Recently I’ve been working on GitLab support for the Danger gem. Danger is a gem that extends the concept of CI. She(yes the gem is referred to as she) tries to formalize your pull request etiquette by introducing automated checks for tasks commonly done by humans in code reviews/PRs. This leaves humans to think about more important and difficult things. As I’ve written about before having CI systems that are as strict as possible can be strong driver for code quality and long term project health. Removing burdens from humans makes Danger a double win. Naturally I’m a big fan of Danger.
Danger is written in Ruby and provides a lovely DSL for specifying tasks and checks. She will leave comments on your PR/MR with any errors, warnings or messages. The task and checks are stored in a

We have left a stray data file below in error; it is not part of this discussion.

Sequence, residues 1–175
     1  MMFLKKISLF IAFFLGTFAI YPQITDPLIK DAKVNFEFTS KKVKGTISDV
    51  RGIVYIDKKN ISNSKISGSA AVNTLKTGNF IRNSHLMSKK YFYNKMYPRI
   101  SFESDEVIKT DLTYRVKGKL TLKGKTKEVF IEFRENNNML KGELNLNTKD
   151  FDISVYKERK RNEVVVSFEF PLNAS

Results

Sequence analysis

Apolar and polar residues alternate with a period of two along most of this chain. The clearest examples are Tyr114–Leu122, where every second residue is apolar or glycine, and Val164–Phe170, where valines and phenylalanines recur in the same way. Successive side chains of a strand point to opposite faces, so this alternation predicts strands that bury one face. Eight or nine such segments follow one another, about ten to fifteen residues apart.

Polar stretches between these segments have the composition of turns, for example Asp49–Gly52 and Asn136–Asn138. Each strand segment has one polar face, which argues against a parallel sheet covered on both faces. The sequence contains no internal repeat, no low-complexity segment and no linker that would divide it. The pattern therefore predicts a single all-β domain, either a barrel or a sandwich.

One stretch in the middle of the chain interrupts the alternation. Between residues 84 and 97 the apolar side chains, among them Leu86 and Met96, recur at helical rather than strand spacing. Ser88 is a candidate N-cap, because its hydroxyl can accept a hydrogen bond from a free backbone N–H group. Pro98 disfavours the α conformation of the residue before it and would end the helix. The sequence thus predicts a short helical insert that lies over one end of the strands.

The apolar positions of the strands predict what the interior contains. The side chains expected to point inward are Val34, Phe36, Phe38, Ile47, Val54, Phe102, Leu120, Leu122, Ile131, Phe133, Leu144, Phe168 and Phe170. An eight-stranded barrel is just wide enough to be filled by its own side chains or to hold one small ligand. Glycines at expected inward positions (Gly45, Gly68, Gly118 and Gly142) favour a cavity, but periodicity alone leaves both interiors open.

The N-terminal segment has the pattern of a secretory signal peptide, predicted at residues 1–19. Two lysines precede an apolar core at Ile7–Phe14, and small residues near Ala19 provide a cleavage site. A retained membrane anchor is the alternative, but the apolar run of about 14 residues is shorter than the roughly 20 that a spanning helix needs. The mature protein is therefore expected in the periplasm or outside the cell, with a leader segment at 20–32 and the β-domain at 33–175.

Dangerfile in the root of your repository, this is just a ruby file. Here’s a simple example of a small
Dangerfile that enforces CHANGELOG entries for contributions.
You can also do things like enforce that branches are fully rebased, raise a warning if critical files are modified by a non core contributor. Truly though your imagination is the only limiting factor. She also supports plugins so you can write and share specific task, as an example there’s the rubopcop plugin by Ash Furrow that brings lint errors from rubopcop to the comments.
With support for GitLab I hope Danger can gain adoption in companies that run their own infrastructure instead of using public code hosting. I actually started working on GitLab support because I wanted to start using Danger internally at Skyscanner. I have some interesting use cases that I’d like to try out now that GitLab is supported.
So if you have tasks that are done by humans(typically poorly) during Code Reviews give Danger a try. If you have any problems just raise an issue or ping me on twitter. On an ending note I would be remiss if I didn’t take this opportunity to include an Archer GIF.